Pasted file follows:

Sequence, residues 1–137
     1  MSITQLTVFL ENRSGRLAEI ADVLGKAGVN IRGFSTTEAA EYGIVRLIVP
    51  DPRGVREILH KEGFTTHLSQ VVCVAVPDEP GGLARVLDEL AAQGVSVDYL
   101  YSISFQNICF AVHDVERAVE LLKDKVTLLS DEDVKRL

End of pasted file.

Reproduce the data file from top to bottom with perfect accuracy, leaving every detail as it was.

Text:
Sequence, residues 1–137
     1  MSITQLTVFL ENRSGRLAEI ADVLGKAGVN IRGFSTTEAA EYGIVRLIVP
    51  DPRGVREILH KEGFTTHLSQ VVCVAVPDEP GGLARVLDEL AAQGVSVDYL
   101  YSISFQNICF AVHDVERAVE LLKDKVTLLS DEDVKRL